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In mathematics, Abel's test (also known as Abel's criterion) is a method of testing for the convergence of an infinite series. The test is named after mathematician Niels Abel. There are two slightly different versions of Abel's test – one is used with series of real numbers, and the other is used with power series in complex analysis.

Abel's test in real analysis

If the following statements are true:

1. \( \sum a_n \) is a convergent series
2. \( {b_n} \) is a monotone sequence
3. \( {b_n} \) is bounded,

then \sum a_nb_n is also convergent.
Abel's test in complex analysis

A closely related convergence test, also known as Abel's test, can often be used to establish the convergence of a power series on the boundary of its circle of convergence. Specifically, Abel's test states that if

\( \lim_{n\rightarrow\infty} a_n = 0\, \)

and the series

\( f(z) = \sum_{n=0}^\infty a_nz^n\, \)

converges when |z| < 1 and diverges when |z| > 1, and the coefficients \( {a_n} \) are positive real numbers decreasing monotonically toward the limit zero for n > m (for large enough n, in other words), then the power series for f(z) converges everywhere on the unit circle, except when z = 1. Abel's test cannot be applied when z = 1, so convergence at that single point must be investigated separately. Notice that Abel's test can also be applied to a power series with radius of convergence R ≠ 1 by a simple change of variables ζ = z/R.[1]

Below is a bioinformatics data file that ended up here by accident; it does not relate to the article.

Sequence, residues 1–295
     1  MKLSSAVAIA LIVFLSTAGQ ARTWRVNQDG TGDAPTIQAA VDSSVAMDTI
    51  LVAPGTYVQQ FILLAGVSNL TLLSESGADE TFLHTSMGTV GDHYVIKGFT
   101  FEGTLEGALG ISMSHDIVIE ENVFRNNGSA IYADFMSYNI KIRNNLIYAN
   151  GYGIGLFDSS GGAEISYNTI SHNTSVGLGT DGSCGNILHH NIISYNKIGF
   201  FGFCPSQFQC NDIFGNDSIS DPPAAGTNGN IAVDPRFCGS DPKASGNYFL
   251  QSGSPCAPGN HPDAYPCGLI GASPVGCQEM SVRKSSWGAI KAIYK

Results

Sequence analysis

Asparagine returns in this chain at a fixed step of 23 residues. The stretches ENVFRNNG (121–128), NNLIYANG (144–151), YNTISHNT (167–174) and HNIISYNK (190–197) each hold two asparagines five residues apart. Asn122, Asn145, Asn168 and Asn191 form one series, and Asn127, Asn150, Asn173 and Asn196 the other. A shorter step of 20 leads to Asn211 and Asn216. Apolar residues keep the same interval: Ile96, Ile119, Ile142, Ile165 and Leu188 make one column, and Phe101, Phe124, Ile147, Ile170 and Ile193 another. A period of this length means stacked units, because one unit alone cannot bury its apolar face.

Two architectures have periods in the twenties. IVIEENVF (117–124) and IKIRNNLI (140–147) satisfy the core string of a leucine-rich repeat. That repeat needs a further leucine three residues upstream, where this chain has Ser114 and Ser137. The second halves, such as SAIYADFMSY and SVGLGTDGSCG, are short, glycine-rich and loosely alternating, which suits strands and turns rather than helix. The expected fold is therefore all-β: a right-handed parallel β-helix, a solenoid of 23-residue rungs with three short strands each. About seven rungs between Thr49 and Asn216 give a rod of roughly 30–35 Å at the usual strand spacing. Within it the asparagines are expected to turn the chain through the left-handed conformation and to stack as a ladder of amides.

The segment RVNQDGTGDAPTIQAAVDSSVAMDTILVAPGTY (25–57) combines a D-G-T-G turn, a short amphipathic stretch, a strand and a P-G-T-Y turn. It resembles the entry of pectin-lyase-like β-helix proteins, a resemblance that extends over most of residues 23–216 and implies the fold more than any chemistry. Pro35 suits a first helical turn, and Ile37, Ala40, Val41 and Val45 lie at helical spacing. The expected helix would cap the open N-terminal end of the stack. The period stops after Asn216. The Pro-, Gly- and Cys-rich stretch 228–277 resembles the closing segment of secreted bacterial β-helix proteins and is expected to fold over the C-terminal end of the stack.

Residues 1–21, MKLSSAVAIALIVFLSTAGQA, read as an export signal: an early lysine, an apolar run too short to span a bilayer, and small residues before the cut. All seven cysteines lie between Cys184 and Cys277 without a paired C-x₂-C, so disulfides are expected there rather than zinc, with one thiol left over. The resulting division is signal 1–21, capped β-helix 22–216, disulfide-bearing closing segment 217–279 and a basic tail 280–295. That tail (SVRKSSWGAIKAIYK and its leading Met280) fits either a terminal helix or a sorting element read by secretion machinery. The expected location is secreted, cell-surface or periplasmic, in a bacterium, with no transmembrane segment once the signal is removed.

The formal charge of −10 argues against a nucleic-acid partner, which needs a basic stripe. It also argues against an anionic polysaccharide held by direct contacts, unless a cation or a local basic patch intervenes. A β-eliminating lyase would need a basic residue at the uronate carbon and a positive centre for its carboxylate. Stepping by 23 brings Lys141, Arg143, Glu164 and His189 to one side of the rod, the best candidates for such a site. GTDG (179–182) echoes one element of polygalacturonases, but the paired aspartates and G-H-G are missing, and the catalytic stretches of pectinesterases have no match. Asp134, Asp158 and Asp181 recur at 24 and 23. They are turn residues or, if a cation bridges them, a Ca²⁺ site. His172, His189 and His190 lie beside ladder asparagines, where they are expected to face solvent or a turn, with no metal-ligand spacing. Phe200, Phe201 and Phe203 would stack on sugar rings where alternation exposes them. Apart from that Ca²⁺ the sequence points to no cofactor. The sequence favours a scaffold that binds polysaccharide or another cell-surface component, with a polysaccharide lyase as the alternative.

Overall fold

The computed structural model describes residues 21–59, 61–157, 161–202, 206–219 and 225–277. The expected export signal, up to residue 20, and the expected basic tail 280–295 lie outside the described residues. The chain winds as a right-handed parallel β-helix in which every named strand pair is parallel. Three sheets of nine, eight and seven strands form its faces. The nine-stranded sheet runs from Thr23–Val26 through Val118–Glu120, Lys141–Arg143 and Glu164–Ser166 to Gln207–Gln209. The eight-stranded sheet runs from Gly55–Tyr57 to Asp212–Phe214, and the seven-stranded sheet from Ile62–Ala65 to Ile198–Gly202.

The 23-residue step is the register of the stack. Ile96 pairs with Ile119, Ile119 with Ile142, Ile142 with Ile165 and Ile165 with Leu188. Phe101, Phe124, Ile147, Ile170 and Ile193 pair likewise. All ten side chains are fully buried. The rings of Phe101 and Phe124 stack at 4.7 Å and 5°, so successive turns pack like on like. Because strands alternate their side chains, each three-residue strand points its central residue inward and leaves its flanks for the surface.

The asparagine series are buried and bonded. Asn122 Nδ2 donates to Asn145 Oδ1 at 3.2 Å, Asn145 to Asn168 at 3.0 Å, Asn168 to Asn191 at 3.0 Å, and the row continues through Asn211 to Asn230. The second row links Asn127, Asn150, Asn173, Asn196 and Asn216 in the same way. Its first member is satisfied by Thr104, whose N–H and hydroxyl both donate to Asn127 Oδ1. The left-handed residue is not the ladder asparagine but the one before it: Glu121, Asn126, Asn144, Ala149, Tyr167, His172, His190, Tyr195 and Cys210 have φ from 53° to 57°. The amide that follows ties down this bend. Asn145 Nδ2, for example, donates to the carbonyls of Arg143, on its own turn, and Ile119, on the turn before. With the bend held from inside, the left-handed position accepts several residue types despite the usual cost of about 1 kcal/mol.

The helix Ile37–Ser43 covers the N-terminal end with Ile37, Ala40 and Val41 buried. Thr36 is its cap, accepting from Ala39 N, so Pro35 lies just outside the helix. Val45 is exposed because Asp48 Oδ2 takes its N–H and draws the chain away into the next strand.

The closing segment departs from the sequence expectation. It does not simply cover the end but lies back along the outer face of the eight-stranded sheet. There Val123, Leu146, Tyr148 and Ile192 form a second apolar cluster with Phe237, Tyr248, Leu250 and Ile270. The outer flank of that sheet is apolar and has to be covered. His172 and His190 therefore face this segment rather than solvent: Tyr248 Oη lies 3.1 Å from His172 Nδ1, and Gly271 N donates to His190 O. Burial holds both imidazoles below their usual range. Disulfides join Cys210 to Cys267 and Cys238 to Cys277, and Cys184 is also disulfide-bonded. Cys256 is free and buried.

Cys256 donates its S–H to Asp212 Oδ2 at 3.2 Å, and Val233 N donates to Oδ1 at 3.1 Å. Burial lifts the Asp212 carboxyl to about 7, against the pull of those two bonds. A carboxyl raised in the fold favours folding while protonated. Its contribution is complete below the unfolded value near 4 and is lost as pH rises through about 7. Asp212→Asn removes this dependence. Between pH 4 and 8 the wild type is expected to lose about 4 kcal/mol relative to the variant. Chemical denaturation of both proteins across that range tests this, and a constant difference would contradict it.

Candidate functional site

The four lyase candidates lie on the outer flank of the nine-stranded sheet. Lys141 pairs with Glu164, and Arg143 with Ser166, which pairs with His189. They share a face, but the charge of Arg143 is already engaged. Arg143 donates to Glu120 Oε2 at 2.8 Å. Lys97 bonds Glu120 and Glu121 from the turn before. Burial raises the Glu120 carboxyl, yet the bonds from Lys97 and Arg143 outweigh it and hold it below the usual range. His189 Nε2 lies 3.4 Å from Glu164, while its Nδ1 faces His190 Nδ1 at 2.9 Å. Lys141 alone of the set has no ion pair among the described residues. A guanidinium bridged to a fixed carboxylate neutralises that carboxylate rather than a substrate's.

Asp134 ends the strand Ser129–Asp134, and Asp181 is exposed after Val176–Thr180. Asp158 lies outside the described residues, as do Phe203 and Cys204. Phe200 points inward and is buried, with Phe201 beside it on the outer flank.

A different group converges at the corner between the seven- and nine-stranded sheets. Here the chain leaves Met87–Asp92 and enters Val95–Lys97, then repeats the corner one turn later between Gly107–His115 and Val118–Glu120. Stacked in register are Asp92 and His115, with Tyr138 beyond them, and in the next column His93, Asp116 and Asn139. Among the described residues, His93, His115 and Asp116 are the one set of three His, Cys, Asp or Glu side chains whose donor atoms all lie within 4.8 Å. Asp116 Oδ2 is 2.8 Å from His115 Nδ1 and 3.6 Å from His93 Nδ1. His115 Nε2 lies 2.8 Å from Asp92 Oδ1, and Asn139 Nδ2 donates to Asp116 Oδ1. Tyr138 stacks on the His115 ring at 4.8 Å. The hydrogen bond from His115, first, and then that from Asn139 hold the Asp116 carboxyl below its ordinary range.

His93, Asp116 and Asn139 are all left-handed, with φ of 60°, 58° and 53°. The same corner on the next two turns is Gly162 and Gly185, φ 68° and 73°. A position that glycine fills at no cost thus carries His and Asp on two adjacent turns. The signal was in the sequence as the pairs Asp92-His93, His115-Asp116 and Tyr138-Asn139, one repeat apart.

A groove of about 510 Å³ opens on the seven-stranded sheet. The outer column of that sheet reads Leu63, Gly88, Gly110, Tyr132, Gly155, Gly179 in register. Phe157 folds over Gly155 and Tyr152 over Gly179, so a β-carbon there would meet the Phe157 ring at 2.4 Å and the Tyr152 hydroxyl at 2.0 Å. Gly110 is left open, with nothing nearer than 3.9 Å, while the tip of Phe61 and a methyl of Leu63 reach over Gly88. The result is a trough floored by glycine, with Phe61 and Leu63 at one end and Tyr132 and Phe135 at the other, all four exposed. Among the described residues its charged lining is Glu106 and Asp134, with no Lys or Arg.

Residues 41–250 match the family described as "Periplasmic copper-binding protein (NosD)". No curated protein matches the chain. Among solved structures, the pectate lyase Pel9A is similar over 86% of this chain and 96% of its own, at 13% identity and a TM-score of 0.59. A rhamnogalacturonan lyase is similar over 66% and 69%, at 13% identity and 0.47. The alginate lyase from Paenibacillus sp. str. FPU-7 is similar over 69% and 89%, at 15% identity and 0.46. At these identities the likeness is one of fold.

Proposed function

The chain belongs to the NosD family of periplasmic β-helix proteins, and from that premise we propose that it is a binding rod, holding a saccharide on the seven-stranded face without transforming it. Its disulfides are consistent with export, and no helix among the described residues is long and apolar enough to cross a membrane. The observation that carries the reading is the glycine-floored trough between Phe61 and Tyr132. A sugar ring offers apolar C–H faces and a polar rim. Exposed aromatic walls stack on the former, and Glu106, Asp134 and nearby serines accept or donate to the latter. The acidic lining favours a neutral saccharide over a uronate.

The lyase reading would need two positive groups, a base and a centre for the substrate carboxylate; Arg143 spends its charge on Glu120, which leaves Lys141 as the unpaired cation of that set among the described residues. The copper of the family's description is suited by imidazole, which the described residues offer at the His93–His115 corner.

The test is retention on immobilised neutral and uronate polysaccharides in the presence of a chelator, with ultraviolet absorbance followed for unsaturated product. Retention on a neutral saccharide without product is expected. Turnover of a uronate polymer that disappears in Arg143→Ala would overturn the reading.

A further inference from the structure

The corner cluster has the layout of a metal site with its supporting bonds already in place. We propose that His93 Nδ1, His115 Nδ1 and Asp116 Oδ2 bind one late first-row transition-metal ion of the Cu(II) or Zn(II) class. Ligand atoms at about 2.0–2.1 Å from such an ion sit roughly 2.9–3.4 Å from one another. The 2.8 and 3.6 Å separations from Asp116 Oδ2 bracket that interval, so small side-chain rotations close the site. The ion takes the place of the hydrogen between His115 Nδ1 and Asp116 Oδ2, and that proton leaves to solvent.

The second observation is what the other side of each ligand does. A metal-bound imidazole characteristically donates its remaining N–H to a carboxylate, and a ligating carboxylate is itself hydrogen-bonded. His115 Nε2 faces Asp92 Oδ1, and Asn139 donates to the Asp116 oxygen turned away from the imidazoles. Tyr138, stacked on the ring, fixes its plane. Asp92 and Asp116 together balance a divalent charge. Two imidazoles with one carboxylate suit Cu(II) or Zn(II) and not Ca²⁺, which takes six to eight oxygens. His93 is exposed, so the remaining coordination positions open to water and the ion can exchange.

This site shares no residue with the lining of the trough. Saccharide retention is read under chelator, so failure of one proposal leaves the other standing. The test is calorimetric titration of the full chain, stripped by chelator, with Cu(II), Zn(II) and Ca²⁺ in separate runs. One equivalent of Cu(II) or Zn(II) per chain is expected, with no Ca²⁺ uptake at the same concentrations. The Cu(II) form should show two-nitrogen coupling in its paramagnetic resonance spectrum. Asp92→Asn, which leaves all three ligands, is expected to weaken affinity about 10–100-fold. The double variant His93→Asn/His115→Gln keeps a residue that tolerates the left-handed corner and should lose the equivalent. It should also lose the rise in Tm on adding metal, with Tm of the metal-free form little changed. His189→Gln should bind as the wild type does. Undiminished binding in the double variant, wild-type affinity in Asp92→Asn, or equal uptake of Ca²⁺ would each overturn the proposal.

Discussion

Proof of Abel's test: Suppose that z is a point on the unit circle, z ≠ 1. Then

\( z = e^{i\theta} \quad\Rightarrow\quad z^{\frac{1}{2}} - z^{-\frac{1}{2}} = 2i\sin{\textstyle \frac{\theta}{2}} \ne 0 \)

so that, for any two positive integers p > q > m, we can write

\( \begin{align} 2i\sin{\textstyle \frac{\theta}{2}}\left(S_p - S_q\right) & = \sum_{n=q+1}^p a_n \left(z^{n+\frac{1}{2}} - z^{n-\frac{1}{2}}\right)\\ & = \left[\sum_{n=q+2}^p \left(a_{n-1} - a_n\right) z^{n-\frac{1}{2}}\right] - a_{q+1}z^{q+\frac{1}{2}} + a_pz^{p+\frac{1}{2}}\, \end{align} \)

where Sp and Sq are partial sums:

\( S_p = \sum_{n=0}^p a_nz^n.\, \)

But now, since |z| = 1 and the an are monotonically decreasing positive real numbers when n > m, we can also write

\( \begin{align} \left| 2i\sin{\textstyle \frac{\theta}{2}}\left(S_p - S_q\right)\right| & = \left| \sum_{n=q+1}^p a_n \left(z^{n+\frac{1}{2}} - z^{n-\frac{1}{2}}\right)\right| \\ & \le \left[\sum_{n=q+2}^p \left| \left(a_{n-1} - a_n\right) z^{n-\frac{1}{2}}\right|\right] + \left| a_{q+1}z^{q+\frac{1}{2}}\right| + \left| a_pz^{p+\frac{1}{2}}\right| \\ & = \left[\sum_{n=q+2}^p \left(a_{n-1} - a_n\right)\right] +a_{q+1} + a_p \\ & = a_{q+1} - a_p + a_{q+1} + a_p = 2a_{q+1}.\, \end{align} \)

Now we can apply Cauchy's criterion to conclude that the power series for f(z) converges at the chosen point z ≠ 1, because sin(½θ) ≠ 0 is a fixed quantity, and aq+1 can be made smaller than any given ε > 0 by choosing a large enough q.


^ (Moretti, 1964, p. 91)


Gino Moretti, Functions of a Complex Variable, Prentice-Hall, Inc., 1964

See also

Abel's uniform convergence test

External links

Proof (for real series) at PlanetMath.org

Undergraduate Texts in Mathematics

Graduate Texts in Mathematics

Graduate Studies in Mathematics

Mathematics Encyclopedia

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